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Green energy: Silicon Valley leads a back-to-basics revolution

Green energy has long aimed to overthrow fossil fuel's stranglehold on world power generation. But for now, Silicon Valley is taking green energy down a different path.

By Rajeev PoduvalContributor / December 14, 2011

Workers for Silicon Valley green-energy firm SolarCity prepare to install solar panels on the roof of a home in Palo Alto, Calif., on March, 31.

Tony Avelar/The Christian Science Monitor/File


Mountain View, Calif.

Even before Solyndra became synonymous with the perils of the green-technology industry, the industry was changing.

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Grand plans, like those of Solyndra to bring solar energy to firms nationwide, still ripple through Silicon Valley, but quietly. The current economic slump and Chinese competition have taken a toll.

Instead, a new vision for the future of the green economy is emerging – at least for the short term. Instead of transforming power grids, green companies are looking at more incremental advances, whether it's improving light-bulb efficiency or helping Wal-Mart make its supply chain more environmentally friendly.

But this more modest outlook is not a retreat, analysts say. Moreover, data suggest that the United States remains the world leader in private-sector investment in clean technology, with Silicon Valley leading the way.

"I think clean-tech industry is still a growing area for venture capital investments," says Mark Heesen, president of the National Venture Capital Association. "It is an area fraught with a lot of risks – no question about that – but there are also huge and significant game-changing technologies coming out of venture-backed clean-tech companies."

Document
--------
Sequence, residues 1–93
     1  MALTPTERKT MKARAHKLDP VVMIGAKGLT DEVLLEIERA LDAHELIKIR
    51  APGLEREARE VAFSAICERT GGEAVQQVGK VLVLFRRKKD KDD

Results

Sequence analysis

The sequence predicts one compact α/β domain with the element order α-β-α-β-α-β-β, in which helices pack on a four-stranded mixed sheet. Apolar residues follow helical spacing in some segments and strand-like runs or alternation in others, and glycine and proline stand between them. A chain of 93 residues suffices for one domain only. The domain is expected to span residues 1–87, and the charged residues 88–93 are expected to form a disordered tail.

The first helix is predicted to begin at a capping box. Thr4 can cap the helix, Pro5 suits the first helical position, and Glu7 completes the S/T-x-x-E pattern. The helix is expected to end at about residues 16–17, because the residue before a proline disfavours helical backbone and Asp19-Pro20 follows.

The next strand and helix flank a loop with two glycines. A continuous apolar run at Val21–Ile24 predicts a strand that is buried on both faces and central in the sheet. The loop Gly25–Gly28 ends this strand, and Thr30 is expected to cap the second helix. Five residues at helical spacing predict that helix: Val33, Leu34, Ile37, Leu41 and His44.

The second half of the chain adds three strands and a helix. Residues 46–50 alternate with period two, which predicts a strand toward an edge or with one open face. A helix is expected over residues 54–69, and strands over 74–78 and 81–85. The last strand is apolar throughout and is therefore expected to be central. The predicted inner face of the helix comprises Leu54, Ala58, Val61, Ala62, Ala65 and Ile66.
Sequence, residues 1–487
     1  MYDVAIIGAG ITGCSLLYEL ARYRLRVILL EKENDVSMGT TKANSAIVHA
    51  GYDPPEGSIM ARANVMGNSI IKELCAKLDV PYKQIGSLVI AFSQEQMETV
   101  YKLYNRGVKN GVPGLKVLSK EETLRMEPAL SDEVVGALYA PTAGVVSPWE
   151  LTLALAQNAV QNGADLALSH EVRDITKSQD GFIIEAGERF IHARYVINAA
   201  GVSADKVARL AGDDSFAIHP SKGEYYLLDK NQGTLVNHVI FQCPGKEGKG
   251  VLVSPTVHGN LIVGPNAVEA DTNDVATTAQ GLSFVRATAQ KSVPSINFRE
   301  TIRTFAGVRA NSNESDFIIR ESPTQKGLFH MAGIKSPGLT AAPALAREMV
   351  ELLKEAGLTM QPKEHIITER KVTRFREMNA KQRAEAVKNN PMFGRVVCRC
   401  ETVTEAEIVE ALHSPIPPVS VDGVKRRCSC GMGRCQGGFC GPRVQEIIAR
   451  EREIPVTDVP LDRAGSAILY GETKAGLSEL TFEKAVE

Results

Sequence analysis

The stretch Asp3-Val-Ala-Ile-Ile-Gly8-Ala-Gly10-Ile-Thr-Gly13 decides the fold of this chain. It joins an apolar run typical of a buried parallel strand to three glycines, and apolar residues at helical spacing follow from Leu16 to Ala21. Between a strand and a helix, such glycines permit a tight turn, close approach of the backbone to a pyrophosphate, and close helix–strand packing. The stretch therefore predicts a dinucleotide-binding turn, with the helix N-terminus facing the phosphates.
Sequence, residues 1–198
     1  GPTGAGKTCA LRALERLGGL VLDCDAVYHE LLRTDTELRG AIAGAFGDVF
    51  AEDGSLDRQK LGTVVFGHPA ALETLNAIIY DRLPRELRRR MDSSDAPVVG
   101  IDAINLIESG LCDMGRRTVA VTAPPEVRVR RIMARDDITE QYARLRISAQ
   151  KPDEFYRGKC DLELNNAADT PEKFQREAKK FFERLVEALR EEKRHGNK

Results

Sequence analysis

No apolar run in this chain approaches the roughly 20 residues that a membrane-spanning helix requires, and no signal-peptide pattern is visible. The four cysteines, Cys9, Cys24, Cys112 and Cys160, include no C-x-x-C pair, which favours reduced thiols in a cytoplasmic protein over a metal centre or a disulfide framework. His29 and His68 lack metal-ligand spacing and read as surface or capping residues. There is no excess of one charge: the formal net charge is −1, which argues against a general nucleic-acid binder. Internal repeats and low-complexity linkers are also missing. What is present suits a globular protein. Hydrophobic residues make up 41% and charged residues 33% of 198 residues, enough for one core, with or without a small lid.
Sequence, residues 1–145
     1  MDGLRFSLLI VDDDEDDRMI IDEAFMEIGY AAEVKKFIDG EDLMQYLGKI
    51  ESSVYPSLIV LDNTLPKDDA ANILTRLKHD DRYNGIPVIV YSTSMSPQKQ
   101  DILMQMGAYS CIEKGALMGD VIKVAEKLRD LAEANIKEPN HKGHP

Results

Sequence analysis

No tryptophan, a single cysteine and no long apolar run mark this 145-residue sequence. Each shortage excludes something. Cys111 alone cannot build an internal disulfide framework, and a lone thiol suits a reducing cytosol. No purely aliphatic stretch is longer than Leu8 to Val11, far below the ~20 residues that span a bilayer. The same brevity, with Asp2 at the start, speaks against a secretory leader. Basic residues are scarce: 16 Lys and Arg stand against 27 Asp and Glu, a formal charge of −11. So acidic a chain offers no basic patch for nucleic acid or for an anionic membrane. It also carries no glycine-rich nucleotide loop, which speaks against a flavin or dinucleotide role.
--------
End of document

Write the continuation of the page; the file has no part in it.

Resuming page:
China has invested far more public money into clean-tech industry than any other country, according to Cleantech Group, a global research organization in San Francisco. But the US is still No. 1 when it comes to venture capital.

  • The US accounted for 76 percent of the $2.2 billion in clean-technology venture investments across the world in the third quarter of 2011, according to Cleantech Group. The Asia Pacific accounted for 14 percent, and Europe and Israel 10 percent jointly. Within the US, California attracted 39 percent of the investments.
  • California attracted 40 percent of global clean-tech venture capital in the first half of 2010, more than double what it attracted in the first half of 2009, according to the California Green Innovation Index, published by Next 10, an independent research group. Silicon Valley attracts 54 percent of clean-tech investment in the state. "The valley continues to be the hot spot for clean tech," says Noel Perry, founder of Next 10.
  • California ranks first in the US in green-tech patents by a wide margin. It had 450 between 2007 and 2009, outpacing New York, which had 300.

Several experts attribute a major part of the success to the industry's strategic move to support multinational corporations in their efforts to go green.

"Green is now mainstream and should be measured in private-equity spending and growth in the green offerings of mainstream companies like General Electric and Procter & Gamble," says Terry Tamminen, author of "Lives Per Gallon: The True Cost of Our Oil Addiction."


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